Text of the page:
Paul Valery's La jeune Parque

2024-07-01 @Literature

All too frequently Jorge Luis Borges' subtle references lead me to such less widely known French authors as Paul Valery. Stephane Mallarme’s (the symbolist and Parnassian poet’s) disciple, Valery occupied the nineteenth-twentieth century crossroad into modernism, though of heavy adherence towards the former tradition.

Based on select readings of Valery’s poetry and that he lived in France during both world wars, I don’t know … Valery inspires distinct (but otherwise unsubstantiated) melancholy.

But whatever the remembrance, Valery (or rather Valéry) produced far more academic prose: Les Dialogues; studies and essays addressing topics as diverse as Leonardo da Vinci, architecture, fine art, applied sciences, philosophic thought, politics, aesthetics and the very literature. Much of it sounds notably worthy of pursuit.

Likewise remarkable is the twenty-year (silent) period devoid of any publication until 1917, when finally appeared Valery’s chef-d'œuvre La jeune Parque.

512 rhymed alexandrine lines, a beautiful power of two, seconds only the preeminent 1024. But let’s not get hung up on Kabbalistics. Enough of that in the poem.

Although entirely respective of the traditional form, La jeune Parque expound numerous otherwise ancient philosophical questions through the incredibly ornate … what I mean to say is that it’s a mystifyingly difficult exercise of reading and interpretation.

Even the choice of metaphors, while respecting the Greco-Roman tradition (serpents, effigies, marvellous mounds and cataracts and such sparkling imagery), does not much facilitate.

Over the course of five months I’d cycled back and forth, in whole and part, and feel to only have interpreted, never mind how plausibly, so much before stumbling upon linguistic and dialectic perplexities beyond my grasp.

Probably manifest of allegorical interpretation, the entire poem presents the younger of the three Fates (the Parque sisters) in an unceasing metaphysical soliloquy. The Fates often depicted as three old hags (ie Goya’s Atropos, Las parcas), the case here is quiet different: the young one portrayed as a voluptuous and hopelessly immortal virgin.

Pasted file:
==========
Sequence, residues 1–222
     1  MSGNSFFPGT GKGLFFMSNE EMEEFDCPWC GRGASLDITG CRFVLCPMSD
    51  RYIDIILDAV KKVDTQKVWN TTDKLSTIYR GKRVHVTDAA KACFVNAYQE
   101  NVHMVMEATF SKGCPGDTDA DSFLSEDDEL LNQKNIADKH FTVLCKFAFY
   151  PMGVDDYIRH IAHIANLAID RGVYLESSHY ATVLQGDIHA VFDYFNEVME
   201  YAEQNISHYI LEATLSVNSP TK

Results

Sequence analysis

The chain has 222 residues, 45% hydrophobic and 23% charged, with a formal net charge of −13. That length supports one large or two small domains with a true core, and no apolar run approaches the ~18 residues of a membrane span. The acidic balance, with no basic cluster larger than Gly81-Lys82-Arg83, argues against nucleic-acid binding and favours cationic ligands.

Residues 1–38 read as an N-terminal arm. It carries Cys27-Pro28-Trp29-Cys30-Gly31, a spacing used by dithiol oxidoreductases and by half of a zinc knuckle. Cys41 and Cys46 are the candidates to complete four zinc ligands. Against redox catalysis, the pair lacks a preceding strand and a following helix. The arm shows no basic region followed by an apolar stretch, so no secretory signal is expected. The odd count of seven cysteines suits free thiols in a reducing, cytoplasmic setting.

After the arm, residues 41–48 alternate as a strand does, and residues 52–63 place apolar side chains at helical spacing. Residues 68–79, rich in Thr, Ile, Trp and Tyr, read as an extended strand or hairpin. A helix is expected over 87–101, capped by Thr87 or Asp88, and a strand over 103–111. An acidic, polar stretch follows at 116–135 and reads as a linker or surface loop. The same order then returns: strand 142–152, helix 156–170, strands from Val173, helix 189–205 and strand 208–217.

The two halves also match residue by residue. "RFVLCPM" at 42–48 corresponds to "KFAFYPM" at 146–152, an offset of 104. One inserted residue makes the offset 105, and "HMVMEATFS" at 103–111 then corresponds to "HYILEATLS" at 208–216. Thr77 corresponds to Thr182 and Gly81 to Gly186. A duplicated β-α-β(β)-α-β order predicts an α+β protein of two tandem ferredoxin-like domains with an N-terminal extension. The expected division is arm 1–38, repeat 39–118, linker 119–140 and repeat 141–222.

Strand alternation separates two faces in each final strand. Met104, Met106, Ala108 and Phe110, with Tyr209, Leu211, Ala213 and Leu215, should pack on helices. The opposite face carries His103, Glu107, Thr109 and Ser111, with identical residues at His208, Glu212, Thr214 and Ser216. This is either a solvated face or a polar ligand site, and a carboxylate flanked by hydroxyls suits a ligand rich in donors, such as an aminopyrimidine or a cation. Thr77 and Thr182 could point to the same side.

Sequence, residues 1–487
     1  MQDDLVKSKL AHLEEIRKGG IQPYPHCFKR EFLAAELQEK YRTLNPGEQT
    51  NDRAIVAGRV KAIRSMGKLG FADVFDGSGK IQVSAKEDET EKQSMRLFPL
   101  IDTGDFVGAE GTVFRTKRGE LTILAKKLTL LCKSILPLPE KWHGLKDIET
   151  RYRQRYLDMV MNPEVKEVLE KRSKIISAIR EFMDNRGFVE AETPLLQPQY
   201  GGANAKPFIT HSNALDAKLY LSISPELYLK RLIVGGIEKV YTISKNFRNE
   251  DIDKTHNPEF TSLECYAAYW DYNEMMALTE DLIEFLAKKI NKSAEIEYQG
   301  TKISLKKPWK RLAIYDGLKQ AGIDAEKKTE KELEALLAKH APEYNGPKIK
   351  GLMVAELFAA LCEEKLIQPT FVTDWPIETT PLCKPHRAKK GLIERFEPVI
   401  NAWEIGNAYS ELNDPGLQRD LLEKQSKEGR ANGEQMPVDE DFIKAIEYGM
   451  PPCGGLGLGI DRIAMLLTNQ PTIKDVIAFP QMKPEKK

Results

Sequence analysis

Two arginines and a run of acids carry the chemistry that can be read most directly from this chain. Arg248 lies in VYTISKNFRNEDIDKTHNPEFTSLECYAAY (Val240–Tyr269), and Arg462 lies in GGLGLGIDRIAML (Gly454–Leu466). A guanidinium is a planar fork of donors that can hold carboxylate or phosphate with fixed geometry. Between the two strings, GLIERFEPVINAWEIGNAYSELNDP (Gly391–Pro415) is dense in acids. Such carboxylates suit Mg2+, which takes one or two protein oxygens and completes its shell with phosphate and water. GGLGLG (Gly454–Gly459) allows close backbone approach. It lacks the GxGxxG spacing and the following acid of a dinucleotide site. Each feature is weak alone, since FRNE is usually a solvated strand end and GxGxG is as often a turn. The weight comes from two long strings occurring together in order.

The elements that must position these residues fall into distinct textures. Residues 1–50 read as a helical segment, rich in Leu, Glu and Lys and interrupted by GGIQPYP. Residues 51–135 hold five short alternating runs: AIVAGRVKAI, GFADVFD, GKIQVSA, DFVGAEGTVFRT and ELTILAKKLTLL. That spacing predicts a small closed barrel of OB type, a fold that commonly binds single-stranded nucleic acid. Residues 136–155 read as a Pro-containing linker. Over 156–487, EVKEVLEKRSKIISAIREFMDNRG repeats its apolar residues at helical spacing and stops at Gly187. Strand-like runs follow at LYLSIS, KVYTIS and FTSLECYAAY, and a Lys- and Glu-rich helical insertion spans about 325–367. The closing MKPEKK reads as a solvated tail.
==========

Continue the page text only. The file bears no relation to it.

Reads very much in spirit of a tragic theatre dialogue akin to Racine or (the very pioneer) Aeschylus, among the particularly bomb-dropping tragedians of personal familiarity.

That’s pretty much the entire poem, in an inner-woven metaphorical struggle; almost a parallel with the intractable thread-weaving allegory, both in beauty and complexity.

The young Fate abstracts reason from body, higher reason from the baser, in a metaphysical exploration taking place within her consciousness in the seemingly brief and undefined temporal span if not for a handful of select environmental cues indicative of the slow transition from the rocky twilight precipice into the rising sun.

And she explores an awful lot: the unceasing conflict of immortality vs death, chastity vs carnal sin, imperviousness to desire, duty vs transgression, fortitude vs laxity, inner darkness to elucidation: temptation over steadfast choice and deterministic doctrine to a large extent; and such and other inklings in a self-referential internal debate.

One needs be mad infatuated over esoteric poetry to appreciate this. I am one of those lunatics. Whatever your experience, Valery’s poem caused me greater stir than Yeats' (of similar period and makeup), than Donne, than the Proto-Romantics or most Neo-Classicists I recall; than most of the familiar symbolist oeuvre save for Rimbaud. But if you enjoy any of these names or movements, odds are in favour of you not abanding La jeune Parque after three lines.

Questions, comments? Connect.